JIS News

As at September 2005, a total of 646 applications for information have been made to some 16 ministries and 21 agencies under the Access to Information Act.This was announced by Information Minister, Senator Burchell Whiteman in the Senate on Friday (Dec.16).
He said that of the requests, 36 per cent had come from members of the public, six per cent from public officers, 19 per cent from media entities, one per cent from academia and 38 per cent from organizations. So far, the Appeals Tribunal has heard two appeals and the decisions have been handed down.
The Information Minister, who is also Leader of Government Business in the Senate, further dismissed allegations that the government has reneged on its commitments under the Information Act.
Referring to claims by one entity that it was unable to obtain a document relating to current recommendations on salaries for judges, Senator Whiteman said that those recommendations were still before Cabinet but would be available once the relevant documents were tabled in the House.
He pointed out that the Access to Information Act expressly “forbids the release of documents containing the views of persons in the process of giving advice to the Cabinet and also exempts Cabinet submissions”.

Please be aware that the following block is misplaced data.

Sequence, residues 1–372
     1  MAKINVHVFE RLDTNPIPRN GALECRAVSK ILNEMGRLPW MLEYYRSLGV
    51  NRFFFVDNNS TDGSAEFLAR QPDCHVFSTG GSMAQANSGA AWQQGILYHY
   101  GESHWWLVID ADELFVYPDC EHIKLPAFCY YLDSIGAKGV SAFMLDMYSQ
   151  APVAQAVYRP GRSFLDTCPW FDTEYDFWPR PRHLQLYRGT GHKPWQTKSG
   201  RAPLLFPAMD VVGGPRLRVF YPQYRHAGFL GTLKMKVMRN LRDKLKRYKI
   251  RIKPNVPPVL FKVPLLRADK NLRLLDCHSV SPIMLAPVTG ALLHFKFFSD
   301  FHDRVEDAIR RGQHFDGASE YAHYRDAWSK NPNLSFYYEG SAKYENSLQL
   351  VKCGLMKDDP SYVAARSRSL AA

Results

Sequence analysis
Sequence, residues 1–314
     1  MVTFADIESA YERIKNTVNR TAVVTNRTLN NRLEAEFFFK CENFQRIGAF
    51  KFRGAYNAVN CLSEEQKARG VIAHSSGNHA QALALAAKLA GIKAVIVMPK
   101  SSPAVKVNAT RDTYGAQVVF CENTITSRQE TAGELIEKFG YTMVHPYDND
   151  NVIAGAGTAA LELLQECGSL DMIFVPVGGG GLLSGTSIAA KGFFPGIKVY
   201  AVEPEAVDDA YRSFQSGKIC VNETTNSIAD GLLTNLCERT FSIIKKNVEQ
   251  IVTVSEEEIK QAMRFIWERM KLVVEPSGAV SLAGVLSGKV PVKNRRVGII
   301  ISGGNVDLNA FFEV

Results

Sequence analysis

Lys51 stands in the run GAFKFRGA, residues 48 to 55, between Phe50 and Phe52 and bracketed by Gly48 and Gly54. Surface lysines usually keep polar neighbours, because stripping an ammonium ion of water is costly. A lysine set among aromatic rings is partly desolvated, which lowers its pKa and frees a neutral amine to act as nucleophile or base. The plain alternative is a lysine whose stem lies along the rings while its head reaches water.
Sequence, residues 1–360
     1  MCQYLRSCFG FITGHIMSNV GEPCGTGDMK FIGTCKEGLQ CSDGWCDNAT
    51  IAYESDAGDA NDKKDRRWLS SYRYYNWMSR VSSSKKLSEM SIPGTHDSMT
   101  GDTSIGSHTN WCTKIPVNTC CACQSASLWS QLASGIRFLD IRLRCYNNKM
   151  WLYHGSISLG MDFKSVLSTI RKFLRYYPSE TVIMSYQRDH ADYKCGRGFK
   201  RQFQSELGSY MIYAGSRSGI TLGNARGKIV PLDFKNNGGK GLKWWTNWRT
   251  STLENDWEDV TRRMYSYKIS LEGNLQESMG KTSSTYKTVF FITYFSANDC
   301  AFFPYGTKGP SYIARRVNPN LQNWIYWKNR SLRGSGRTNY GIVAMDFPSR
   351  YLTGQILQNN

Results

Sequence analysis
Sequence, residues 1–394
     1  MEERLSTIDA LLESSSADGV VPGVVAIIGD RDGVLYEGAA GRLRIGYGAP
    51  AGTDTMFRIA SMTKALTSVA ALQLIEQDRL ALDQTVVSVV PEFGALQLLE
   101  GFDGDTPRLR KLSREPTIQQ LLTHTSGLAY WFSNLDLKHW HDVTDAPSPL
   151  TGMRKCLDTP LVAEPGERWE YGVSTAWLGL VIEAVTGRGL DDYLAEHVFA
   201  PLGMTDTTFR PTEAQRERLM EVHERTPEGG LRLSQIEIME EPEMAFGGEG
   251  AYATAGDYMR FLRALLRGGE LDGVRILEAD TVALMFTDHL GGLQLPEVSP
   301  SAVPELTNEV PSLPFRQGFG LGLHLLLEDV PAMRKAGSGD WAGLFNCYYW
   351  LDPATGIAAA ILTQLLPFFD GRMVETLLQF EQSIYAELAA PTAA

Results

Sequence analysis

Furthermore, he said the responsible/access officers had demonstrated a very high level of commitment to providing the public with requested documents and “if anything, (they have) erred on the side of sometimes failing to adhere strictly to the law, the regulations and the guidelines in order to facilitate applicants,” he stated.
“If we are to have a meaningful and workable Act and to conduct a constructive review of it, then we must operate on the basis of knowledge and fair and objective analysis of situations,” Senator Whiteman said further.
Meanwhile, a Joint Select Committee of the Parliament will be conducting a review of the Act in January 2006. Committee members will be expected to consider the views and experiences of members of the public, who are end users of the Act as well as the views and opinions of public officials, who are responsible for providing service to citizens in accordance with the provisions of the Act.
“I want to urge that as we embark upon the review all stakeholders seek to inform themselves as to what is required of each party involved in the implementation and that rather than adopt adversarial positions based on misrepresentation and mistrust, we work together to ensure that we obtain the intended benefits from the legislation,” Senator Whiteman said.
The Access to Information Act came into effect on January 5, 2004 and is applicable to all public entities comprising ministries, agencies, departments and other bodies as defined under the Act.
Under the Act, it is required that requests for access to information must be dealt with within 30 days, while matters relating to national security, trade, person’s individual copyrighted material and personal information are exempt.

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